Archive for November, 2011
I remember reading about Rocco Landesman, Chairman of the National Endowment for the Arts in the New York Times one Sunday. (The Times has great arts coverage on Sundays.) So it was a no-brainer that I would plan to see him on the recent Arts Wisconsin panel held at the beautiful Goodman Community Center in Madison.
Hoping to walk away inspired… well… um… it didn’t happen. And I cannot really put my finger on why. It seems that I was more impressed with a guest on the panel, Chris Walker. Walker is a part of the dance department at UW-Madison. What’s so intriguing, is that he is the artistic director of the first ever First Wave Spoken Word and Urban Arts Learning Community. Students can major in a program that includes spoken word, hip-hop culture, etc. It was important that he reminded the audience that hip-hop culture is not a white thing, or a black thing, or a Latino thing, but rather an aspect of today’s youth that we need to be open to. Having personally taught in three of the largest public school districts, this opportunity with the First Wave program, truly speaks to my former students.
This leads me to a much more powerful experience from the week than the panel. It was my visit to The Alliance School right here in Milwaukee. A few parts of that visit stick out in my mind.
One, is the Alliance teacher, Heather Sattler. I knew from her Sunday voicemails and e-mails while planning the first meeting with her students that this was a dedicated educator. Upon being in her classroom, it was crystal clear that Heather (as her students address her) is a gentle, patient, genuine soul.
She allows the students to be themselves while encouraging creativity in numerous ways. One of these is listed in the “Creative Communication Community Agreements.” The list of agreements does not include the word ‘no.’ Instead, it uses the word ‘we’ throughout.
Listed is the following: Listen to music with ear buds when we are doing individual work. Some teachers, parents, and administrators might disagree with that classroom procedure. I applaud it. For one reason, music inspires artists to create. By listening to music, the students may be able to focus. And this is a reminder, that there are children who need to move to think. As kinesthetic learners, sometimes these students are seen as challenging to teachers. But developmentally, young people need to move. So it is an automatic cringe when I hear about classes who have no physical education, no dance, but tons of testing and direct instruction.
Another moment that was memorable was during the introductions. Each individual (students and many adults in the room; I will get to that in a moment) was asked to share his/her name, age, and something unique about themselves. One student adored drawing, another girl shared that she liked football and sports, and then there was a spunky young man (in a baseball cap and bowtie; he had style) who answered with, “I am special.” Now, these are middle school students. I am quick to believe that the unexpected (and simple, yet moving) comment was due to Heather’s inspiration, the school’s focus to help often bullied students, or both.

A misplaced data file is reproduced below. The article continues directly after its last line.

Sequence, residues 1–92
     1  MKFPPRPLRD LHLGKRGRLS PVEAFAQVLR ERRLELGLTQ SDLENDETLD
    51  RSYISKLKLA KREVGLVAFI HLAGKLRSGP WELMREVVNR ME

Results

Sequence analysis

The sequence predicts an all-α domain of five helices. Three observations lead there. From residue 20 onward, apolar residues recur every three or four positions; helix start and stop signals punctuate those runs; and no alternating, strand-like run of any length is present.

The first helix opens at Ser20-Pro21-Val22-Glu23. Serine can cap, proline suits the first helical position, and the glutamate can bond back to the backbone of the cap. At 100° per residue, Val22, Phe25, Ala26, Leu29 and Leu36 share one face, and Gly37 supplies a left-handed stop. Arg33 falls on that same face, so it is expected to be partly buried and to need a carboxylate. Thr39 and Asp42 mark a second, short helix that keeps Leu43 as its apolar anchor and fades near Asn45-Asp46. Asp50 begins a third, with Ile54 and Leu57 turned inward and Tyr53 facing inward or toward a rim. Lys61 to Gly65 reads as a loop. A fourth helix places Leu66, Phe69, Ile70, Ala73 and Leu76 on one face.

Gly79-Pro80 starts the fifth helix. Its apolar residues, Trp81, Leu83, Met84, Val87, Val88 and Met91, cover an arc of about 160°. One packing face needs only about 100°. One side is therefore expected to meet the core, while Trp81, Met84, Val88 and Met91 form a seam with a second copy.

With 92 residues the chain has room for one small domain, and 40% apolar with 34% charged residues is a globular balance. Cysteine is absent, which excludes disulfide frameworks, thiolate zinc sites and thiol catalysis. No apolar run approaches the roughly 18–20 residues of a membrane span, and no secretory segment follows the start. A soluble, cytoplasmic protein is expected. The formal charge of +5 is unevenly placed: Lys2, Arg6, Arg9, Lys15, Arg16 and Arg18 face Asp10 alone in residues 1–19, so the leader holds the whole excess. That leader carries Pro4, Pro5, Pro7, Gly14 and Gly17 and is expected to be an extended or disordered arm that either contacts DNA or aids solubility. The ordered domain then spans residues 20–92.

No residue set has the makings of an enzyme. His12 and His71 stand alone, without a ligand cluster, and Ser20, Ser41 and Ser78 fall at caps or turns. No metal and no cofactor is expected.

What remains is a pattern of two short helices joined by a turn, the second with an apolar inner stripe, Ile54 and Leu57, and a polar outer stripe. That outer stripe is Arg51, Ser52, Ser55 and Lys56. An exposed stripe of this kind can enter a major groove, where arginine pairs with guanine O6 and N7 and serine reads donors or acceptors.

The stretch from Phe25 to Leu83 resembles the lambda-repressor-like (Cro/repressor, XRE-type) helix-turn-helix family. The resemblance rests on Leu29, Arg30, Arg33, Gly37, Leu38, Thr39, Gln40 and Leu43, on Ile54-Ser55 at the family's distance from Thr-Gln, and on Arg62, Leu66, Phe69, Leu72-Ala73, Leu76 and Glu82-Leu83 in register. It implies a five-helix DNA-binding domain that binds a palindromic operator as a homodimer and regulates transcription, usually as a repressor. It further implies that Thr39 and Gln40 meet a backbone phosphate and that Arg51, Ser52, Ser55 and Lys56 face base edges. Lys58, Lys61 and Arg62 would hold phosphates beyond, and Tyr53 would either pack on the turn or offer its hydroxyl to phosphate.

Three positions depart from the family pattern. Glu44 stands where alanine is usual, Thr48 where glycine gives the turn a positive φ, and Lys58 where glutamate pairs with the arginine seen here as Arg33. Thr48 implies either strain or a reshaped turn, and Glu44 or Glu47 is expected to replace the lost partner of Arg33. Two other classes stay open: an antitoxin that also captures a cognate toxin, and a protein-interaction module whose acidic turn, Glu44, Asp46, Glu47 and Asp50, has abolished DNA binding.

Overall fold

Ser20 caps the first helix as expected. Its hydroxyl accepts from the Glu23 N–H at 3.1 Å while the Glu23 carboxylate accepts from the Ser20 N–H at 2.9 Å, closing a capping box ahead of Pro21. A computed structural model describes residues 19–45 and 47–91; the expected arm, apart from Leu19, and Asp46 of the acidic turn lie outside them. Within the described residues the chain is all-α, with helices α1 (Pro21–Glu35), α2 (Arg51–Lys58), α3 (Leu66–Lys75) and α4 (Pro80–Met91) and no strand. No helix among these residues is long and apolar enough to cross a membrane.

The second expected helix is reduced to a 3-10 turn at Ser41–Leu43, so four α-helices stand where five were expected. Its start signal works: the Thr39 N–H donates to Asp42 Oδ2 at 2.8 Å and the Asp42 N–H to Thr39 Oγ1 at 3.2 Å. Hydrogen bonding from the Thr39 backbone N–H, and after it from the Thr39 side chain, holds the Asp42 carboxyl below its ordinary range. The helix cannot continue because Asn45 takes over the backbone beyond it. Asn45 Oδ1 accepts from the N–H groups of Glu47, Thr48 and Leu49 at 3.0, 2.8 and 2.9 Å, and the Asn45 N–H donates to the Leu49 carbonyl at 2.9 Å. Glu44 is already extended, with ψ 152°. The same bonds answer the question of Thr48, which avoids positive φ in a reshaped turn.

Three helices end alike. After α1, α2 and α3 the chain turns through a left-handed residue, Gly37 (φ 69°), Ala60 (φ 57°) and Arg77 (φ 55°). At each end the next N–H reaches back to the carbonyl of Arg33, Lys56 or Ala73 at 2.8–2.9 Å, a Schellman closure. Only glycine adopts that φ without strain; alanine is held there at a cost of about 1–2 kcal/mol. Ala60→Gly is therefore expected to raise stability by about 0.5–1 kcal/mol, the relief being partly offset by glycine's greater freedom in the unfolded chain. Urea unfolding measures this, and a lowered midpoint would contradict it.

What made the gathering unique was that sprinkled throughout the circle of students were adults coming together for an innovative arts project. Thanks to A.W.E. artists and Mary Osmundsen, (and thank you, a.r.t.-ists, for attending our spring events to support this project), the collaboration is an example of how art organizations can truly come together to provide artistic and academic programming. The students will soon begin their journey using film, the six-word memoir, and music. The classroom was silent as the students were shown examples from SMITHTeens online.
If money was not an issue and budget cuts were a thing of the past, the ideal situation would be to have full-time arts specialists in our schools. But unfortunately, that is not the sign of the times. As a result, we must be creative and think outside-of-the-box in order to give our young scholars opportunities to express themselves, be creative, and learn through the arts. This leads me back to the Madison panel.
Former Lt. governor and local arts advocate, Barbara Lawton, expressed the importance of arts education for risk taking and imagination. She shared the necessity that “boldness breathes boldness.” It is already clear that even though it is only the beginning of the Alliance project, these young scholars and artists will be bold… and brave… and learning through the arts will magically exist in Heather’s supportive environment. Alliance artists, we look forward to sharing your creative process and final projects with our a.r.t. community. We applaud you, and we support you. Be bold.
Dance and love,
Christina M. Ratatori, a.r.t. founding director
For more information on the University of Wisconsin-Madison’s First Wave program, go to:
For more information on A.W.E. (Artists Working in Education), go to: